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The Pain of LDAP

ferricoxide profile image Thomas H Jones II Originally published at thjones2.blogspot.com on ・1 min read

Recently, we've had a push to enable 2FA on all of the internet-facing services we offer. A manager asked, "how many users do we have to worry about?" We have three basic types of users:

  • Those who only have access to the Remote Desktops
  • Those who only have access to the various applications
  • Those who have access to both the Remote Desktops and to the various appliations

All such access is unprivileged. All accesses are managed via Active Directory group memberships.

  • Our RDSH users are in a "remote desktops" group.
  • Our application users are in a mix of groups. Fortunately, we long ago implemented standard naming for our groups. All group-names for one application-class start with "T_"; all group-names for the other application-class start with "E_"

Fortunately, the above means that I could get an answer for the manager by way of LDAP queries. A user's membership in an Active Directory is conveyed via the user-object's meberOf attribute. This means that the basic query-objects I needed to consider were:

  • RDSH Users: In LDAP-speak, this works out to CN=<RDSH_GROUP>,cn=users,dc=<F>,dc=<Q>,dc=<D>,dc=<N>
  • "T_" Application-group: In LDAP-speak, this works out to CN=T_*
  • "E_" Application group: In LDAP-speak, this works out to CN=E_*

LDAP queries generally operate on object-sets. Sets are denoted by parentheses. Using the previously-mentioned groups, a single-element set for each of my group-memberships would be:

  • (memberof=CN=<RDSH_GROUP>,cn=users,dc=<F>,dc=<Q>,dc=<D>,dc=<N>)
  • (memberof=CN=T_*)
  • (memberof=CN=E_*)

Where things get really freaking ugly is when you need to combine these into appropriate queries. Combining query-objects is a matter of using the booleans:

  • "&": the logical AND operator
  • "|": the logical OR operator
  • "!": the logical NOT operator
  • If you're familiar with logical operators, you'll notice that there isn't a built in eXclusive OR type of operator.

Why I say things are ugly is that you apply a given operator within a set and the syntax is a little non-intutive:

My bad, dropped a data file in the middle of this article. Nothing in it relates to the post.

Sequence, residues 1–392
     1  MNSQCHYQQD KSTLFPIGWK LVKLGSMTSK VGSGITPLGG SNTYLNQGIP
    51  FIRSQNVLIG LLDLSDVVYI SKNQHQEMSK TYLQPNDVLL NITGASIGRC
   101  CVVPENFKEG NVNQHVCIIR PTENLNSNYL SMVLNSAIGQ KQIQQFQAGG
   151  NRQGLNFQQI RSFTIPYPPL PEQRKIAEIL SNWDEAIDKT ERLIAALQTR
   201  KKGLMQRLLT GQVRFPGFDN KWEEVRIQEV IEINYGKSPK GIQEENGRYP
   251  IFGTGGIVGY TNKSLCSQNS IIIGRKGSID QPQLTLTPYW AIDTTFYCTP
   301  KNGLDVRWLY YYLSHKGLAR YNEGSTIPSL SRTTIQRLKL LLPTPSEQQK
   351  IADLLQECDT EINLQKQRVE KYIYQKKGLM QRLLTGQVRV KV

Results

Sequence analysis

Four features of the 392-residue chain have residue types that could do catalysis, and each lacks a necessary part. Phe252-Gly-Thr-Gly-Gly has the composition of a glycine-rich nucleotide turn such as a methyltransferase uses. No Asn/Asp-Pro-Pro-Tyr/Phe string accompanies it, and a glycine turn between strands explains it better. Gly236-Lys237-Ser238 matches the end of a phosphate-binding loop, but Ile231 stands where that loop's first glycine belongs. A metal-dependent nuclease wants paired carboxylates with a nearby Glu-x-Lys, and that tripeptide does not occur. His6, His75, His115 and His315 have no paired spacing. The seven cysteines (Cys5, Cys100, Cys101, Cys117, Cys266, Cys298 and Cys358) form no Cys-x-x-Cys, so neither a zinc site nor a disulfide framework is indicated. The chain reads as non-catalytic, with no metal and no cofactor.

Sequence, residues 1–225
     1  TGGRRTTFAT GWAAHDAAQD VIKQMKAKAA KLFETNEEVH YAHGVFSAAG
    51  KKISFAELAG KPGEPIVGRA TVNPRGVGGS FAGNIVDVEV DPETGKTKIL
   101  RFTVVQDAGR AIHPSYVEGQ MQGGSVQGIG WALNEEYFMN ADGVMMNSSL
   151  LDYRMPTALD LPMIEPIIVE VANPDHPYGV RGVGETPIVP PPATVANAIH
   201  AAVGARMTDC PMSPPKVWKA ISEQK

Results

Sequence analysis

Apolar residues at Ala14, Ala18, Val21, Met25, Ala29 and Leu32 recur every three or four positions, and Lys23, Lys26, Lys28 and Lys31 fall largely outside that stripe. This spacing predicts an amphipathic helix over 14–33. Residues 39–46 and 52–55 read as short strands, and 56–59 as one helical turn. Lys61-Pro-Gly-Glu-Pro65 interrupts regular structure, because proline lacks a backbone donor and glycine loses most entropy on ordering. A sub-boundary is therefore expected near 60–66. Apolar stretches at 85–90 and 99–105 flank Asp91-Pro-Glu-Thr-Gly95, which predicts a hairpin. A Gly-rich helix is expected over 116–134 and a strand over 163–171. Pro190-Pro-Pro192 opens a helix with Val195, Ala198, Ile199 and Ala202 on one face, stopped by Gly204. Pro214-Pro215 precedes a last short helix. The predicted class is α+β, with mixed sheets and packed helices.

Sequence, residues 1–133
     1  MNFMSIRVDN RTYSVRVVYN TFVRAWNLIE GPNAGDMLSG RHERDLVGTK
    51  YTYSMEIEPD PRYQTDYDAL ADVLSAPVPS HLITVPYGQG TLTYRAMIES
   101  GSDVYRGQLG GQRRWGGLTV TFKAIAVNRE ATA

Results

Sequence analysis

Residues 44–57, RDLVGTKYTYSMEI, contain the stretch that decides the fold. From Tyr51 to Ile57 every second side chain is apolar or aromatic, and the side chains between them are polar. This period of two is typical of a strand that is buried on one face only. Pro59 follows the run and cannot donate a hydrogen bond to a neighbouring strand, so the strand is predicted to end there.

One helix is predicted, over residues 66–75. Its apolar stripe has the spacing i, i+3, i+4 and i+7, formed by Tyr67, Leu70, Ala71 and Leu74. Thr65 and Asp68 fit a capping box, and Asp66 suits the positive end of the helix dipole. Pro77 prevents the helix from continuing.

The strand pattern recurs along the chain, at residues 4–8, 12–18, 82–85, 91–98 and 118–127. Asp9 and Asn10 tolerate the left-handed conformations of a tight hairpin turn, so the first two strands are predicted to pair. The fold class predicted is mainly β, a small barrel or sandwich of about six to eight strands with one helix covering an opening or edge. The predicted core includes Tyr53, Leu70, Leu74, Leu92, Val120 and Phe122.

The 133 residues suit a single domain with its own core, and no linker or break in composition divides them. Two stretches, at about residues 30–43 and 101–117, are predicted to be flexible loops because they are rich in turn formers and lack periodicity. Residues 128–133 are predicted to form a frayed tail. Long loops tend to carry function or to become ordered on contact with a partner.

• ANDing sets: Uses the syntax (&(SET1)(SET2)(...)(SET_N)). Basically, this says, "AND all of the following sets within this AND-set. An AND-set can consist of 2+ sets for evaluation
  • ORing sets: Similarly, this uses the syntax (|(SET1)(SET2)(...)(SET_N)). Basically, this says, "OR all of the following sets within this OR-set. An OR-set can consist of 2+ sets for evaluation
  • NOTin sets: Similarly, this uses the syntax (!(SET1)(SET2)(...)(SET_N)). Basically, this says, "OR all of the following sets within this NOT-set. An NOT-set can consist of 2+ sets for evaluation

Where it gets really ugly is when a logical operation acually requires two or more sub operations. For example:

  • When you want to tell if a user is a member of one group but not another, you need to do something like: (&(GROUP1)(!(GROUP2))
  • Similarly, when you want to tell if a user is a member of one group but not a member of both of two other groups, you would do something like (&(GROUP1)(!(&(GROUP2)(GROUP3))
  • Similarly, when you want to tell if a user is a member of one group but not a member of either of two other groups, you would do something like (&(GROUP1)(!(|(GROUP2)(GROUP3))

As you can probably tell, as the number of selectors goes up, so does the ugliness.

At any rate, back to my original queries:

  • Getting a list of all people with RDSH access, my query looks like: (memberof=CN=<RDSH_GROUP>,cn=users,dc=<F>,dc=<Q>,dc=<D>,dc=<N>)
  • Getting a list of people with membership in either of the application groups, my query looks like: (|(memberof=CN=T_*)(memberof=CN=T_*))
  • Getting a list of people with RDSH access and with membership in either of the application groups, my query looks like: (&(memberof=CN=<RDSH_GROUP>,cn=users,dc=<F>,dc=<Q>,dc=<D>,dc=<N>)(|(memberof=CN=T_*)(memberof=CN=T_*)))
  • Getting a list of people with RDSH access but not access to either of the other groups , my query now looks like: (&(memberof=CN=<RDSH_GROUP>,cn=users,dc=<F>,dc=<Q>,dc=<D>,dc=<N>)(!(|(memberof=CN=T_*)(memberof=CN=T_*))))
  • Conversely, getting a list of people without RDSH access but with access to either of the other groups, my query now looks like: (&(!(memberof=CN=<RDSH_GROUP>,cn=users,dc=<F>,dc=<Q>,dc=<D>,dc=<N>))(|(memberof=CN=T_*)(memberof=CN=T_*)))

All that ugliness aside, I was able to get the manager the answer to his question and was able to do it quickly. This post is mostly a result of him asking "what the hell does all that gobbledygook mean" when I sent him the queries I ran to get him the answer. I'd sent that as part of the thread for the same reason I'm writing this: so I have the queries the next time the information is asked for again (and don't have to re-work it all out in my head again).

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Thomas H Jones II

@ferricoxide

Been using UNIX since the late 80s; Linux since the mid-90s; virtualization since the early 2000s and spent the past few years working in the cloud space.

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